Pascal’s Mugging is a general problem in decision theory: it exposes the paradoxical and apparently irrational consequences of a thorough-going probabilistic approach to devising a rational utilitarian agent, by offering a deal which seems, intuitively, to be utterly worthless but which the agent will accept. It is generally thought that any system which allows an agent to be exploited this way, to be a ‘money pump’, is irrational & flawed. I attempt to dissect Pascal’s Mugging into 2 separate problems, one of an epistemological flaw in the agent, and another about how to deal with low-probability but high-payoff events.
Classical decision theory, going back to von Neumann and Morgenstern’s Theory of Games and Economic Behavior, says that a rational agent pursuing an arbitrary goal will select the sequence of actions that leads to the greatest fulfillment of that goal. If we imagine a branching tree of actions, the agent will sum up every path through the tree, and take the highest path. But what if the branches are not certain, if taking a path through the tree like A->D->M is not guaranteed to wind up at M, if each step through the tree is only probabilistic? How does one weigh the probability of a step succeeding against the value of a step in such a way that it can be compared to the many other possible steps? The very simplest way is to multiply the value of a step against the probability of reaching it. This gives us some number for each step; we will call it the ‘expected value’.
So imagine an agent seeking money; he is offered a fair coin-flip where heads, he gains $6 and tails he loses $4. Here he assess three possible steps: don’t accept the deal, accept the deal and get heads, accept the deal and get tails. The value of not accepting the deal is 0, and the probability of 0 is 100%, so 0. The value of accepting the deal and getting heads is $6, and since it’s a fair coin, he has a 50% chance; 50% of $6 is $3. The value of accepting the deal and getting tails is -$4, and this too is a 50% chance; 50% of -4 is -2. So, heads has an expected value of 3; tails has an expected value of -2; added together, they have a value of 1. 1 is greater than 0, so the agent will take the coin-flip and will wax wealthy.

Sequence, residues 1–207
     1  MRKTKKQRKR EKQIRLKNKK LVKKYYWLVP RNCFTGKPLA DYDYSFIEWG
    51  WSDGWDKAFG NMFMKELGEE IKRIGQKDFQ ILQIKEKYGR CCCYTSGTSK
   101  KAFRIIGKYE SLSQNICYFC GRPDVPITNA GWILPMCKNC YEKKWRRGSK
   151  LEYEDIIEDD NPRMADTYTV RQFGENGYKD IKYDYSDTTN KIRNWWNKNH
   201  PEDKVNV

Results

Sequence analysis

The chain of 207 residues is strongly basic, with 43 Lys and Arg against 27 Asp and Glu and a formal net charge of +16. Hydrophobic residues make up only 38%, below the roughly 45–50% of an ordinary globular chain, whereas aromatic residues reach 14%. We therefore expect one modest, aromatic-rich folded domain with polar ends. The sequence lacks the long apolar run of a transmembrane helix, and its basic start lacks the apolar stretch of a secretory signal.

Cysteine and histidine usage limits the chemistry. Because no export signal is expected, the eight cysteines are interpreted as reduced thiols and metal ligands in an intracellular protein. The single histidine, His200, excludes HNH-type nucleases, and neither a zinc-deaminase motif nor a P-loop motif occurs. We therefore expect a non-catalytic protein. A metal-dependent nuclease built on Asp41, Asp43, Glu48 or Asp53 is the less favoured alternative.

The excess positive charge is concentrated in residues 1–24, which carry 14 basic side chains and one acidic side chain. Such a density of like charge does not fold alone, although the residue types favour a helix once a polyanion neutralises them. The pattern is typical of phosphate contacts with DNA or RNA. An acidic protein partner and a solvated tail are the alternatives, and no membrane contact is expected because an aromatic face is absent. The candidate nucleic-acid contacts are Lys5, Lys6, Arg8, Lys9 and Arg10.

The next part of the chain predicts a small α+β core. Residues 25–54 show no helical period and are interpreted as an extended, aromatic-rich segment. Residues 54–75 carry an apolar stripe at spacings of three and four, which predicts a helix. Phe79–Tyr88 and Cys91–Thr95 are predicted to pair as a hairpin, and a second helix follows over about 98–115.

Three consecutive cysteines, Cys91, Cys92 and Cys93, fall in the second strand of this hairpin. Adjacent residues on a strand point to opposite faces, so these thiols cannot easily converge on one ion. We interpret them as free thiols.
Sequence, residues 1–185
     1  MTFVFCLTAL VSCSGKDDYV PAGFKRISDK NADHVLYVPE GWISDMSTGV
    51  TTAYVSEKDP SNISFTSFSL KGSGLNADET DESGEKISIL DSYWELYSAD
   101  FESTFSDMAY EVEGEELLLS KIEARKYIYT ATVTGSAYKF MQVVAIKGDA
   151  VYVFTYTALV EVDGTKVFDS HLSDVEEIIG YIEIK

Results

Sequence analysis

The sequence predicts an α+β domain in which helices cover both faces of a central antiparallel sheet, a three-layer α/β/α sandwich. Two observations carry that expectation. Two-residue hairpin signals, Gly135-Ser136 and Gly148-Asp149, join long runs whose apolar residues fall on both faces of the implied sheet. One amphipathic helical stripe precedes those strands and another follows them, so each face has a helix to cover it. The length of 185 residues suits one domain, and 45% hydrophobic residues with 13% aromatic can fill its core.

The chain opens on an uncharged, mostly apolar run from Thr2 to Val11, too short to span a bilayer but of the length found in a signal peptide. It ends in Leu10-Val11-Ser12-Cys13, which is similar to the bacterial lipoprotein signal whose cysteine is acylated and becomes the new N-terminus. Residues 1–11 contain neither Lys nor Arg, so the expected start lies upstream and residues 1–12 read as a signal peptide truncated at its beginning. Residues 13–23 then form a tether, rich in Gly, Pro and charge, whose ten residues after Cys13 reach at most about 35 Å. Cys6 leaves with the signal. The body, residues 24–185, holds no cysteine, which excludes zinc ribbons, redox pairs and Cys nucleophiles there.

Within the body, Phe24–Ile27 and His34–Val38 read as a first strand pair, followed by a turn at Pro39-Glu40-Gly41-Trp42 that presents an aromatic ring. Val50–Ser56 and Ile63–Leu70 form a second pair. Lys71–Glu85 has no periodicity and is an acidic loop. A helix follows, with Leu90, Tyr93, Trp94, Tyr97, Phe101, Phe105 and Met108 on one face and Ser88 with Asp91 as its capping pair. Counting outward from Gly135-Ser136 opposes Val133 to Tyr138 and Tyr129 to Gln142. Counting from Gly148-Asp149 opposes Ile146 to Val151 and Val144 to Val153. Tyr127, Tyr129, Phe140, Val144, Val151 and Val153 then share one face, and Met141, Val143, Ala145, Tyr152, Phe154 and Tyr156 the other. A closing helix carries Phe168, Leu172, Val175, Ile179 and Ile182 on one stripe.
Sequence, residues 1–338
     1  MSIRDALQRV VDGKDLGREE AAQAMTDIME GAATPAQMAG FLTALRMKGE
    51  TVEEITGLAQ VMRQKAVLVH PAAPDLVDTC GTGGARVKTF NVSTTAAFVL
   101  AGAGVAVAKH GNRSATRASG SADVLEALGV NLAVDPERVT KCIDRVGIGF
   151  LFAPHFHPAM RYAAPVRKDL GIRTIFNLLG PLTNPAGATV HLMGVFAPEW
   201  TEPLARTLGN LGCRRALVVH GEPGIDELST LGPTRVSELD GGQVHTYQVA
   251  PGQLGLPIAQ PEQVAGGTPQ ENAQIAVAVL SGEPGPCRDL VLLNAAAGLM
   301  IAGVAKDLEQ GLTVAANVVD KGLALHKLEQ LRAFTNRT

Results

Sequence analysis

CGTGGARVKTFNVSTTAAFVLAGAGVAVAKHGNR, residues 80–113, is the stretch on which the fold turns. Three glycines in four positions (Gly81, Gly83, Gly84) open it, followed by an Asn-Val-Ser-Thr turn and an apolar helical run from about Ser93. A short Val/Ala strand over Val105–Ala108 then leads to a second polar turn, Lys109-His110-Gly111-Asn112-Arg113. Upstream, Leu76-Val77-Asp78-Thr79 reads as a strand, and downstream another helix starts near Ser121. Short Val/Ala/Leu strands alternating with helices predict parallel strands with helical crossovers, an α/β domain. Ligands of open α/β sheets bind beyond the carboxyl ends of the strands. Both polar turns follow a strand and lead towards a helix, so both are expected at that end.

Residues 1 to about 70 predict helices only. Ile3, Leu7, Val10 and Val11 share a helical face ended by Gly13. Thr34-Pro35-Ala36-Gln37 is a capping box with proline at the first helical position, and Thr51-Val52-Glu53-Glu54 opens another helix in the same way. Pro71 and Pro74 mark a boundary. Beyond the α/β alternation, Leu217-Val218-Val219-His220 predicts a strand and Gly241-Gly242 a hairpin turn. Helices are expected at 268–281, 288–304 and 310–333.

Taking the choice with the greatest expected value is a very simple policy, and it works well in many real-life situations. It tells us to avoid the lottery, for example, and casinos. It will tell us when we win in a game and when we wouldn’t. Besides simplicity, it has the law of large numbers on its side – after enough trials, we will have the expected value. Or if we imagine that there is an agent for every possible outcome, then the total wealth/value across all these possible agents is as high as is possible, no other approach can do better across all possible outcomes. (That is, we could imagine an otherwise highly irrational agent, which has precognition, so it will only play games with you if it knows it will win; this agent would win against an expected-value agent, but only because we have magically defined away all the many outcomes where that precognitive agent loses. Or we could imagine a highly risk-averse agent; it would pass up opportunities our expected-value agent wouldn’t, and in the long run would do worse than our agent.)